A friend recently gave me a dvd of the film. I've watched this Scorcese film long before. I have forgotten the story line. Trying to recall it, I keep on confusing this with Dangerous Liaisons. My dear friend told me to enjoy the film again, because he continues to be so enamored with it.
It is a beautiful film. Exquisitely produced. A true audal and visual delight as the audience is transplanted to turn-of-the-century New York. The costumes, the production design are impeccable. I drool over the numerous classical art on display on the walls of New York high society. And with a beautiful, haunting orchestral soundtrack. No wonder my friend loves the film.
The story is quite simple. In the pretentious world of high society, with strict moral codes and ethics, a woman tries to go against the grain. She is labeled and effectively marginalized. But not before capturing the heart of a young man, already betrothed to another, of the same class and breeding. Their passion for each other, severely tempered by the circumstances. They steal a few moments just to be together. No, there is no sex. Yet the few instances when he manages to touch and caress her, both of them fully clothed is even more erotic.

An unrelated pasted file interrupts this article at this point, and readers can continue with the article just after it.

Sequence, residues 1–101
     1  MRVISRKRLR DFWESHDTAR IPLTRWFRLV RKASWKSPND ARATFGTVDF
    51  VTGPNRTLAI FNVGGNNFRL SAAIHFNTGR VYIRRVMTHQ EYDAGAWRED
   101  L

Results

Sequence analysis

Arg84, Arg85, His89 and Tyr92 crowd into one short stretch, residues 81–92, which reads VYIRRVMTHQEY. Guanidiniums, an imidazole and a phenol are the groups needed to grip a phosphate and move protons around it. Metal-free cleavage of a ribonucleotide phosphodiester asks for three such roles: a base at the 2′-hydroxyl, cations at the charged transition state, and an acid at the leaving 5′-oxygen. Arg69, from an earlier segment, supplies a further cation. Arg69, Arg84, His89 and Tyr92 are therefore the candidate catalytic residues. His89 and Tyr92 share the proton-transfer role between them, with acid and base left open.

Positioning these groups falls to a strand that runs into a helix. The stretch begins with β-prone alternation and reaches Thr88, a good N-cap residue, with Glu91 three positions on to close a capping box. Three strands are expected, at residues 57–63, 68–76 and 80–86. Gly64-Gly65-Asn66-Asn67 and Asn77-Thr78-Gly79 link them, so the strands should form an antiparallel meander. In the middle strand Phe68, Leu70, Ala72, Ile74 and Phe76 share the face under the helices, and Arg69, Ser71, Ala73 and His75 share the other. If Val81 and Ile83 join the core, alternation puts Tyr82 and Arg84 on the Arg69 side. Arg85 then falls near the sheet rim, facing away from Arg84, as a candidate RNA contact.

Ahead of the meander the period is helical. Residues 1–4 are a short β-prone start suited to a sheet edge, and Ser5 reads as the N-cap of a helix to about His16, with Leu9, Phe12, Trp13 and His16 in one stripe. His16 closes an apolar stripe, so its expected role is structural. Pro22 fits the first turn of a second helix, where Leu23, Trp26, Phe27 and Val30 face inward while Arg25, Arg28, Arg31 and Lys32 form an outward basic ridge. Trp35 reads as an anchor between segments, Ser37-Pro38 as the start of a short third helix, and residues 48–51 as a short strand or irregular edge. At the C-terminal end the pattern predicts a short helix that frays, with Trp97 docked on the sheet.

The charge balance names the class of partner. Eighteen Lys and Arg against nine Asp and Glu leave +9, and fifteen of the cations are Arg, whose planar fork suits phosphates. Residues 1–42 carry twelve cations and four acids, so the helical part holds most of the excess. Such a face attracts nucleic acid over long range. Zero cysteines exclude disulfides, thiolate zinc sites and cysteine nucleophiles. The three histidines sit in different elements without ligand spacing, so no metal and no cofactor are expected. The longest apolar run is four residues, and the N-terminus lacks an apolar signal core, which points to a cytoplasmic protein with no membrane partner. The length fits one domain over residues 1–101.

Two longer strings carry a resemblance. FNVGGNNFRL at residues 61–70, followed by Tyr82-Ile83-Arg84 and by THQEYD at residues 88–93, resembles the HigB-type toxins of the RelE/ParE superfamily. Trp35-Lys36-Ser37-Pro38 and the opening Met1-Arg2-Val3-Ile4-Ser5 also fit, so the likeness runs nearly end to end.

Never consumated, their passion eventually gives way to rationality, to convention. And they grow old apart. Though a final scene was almost a meeting many years after, he turns away from the chance to see her again, resigned to their fate yet truly loving as one could ever love.
Now back to earth, I'm wondering if that could happen to me. Could I actually fall in love so deeply with someone without having even sex at all? And should that chance finally happen. Should that opportunity to finally express the passion sexually happen, would there be a danger of 'sexual failure' because of incompatibility? And with that, would love suddenly dissipate, a mirage really, for all that time?
how important is sexual compatibility really? Isn't love so true the only real aphrodisiac that transcends sexual compatibility? Isn't this preoccupation with being sexually compatible simply another manifestation of our compartmentalized lives, the heart and the loins in different drawers, each independently satisfied? And if this popular culture was otherwise, just like in decades past, would we still put as much emphasis on being 'compatible in bed'?
could you fall in love without the benefit of sex? or is sexual compatibility one of the metrics in measuring whether one is 'in love' or not?
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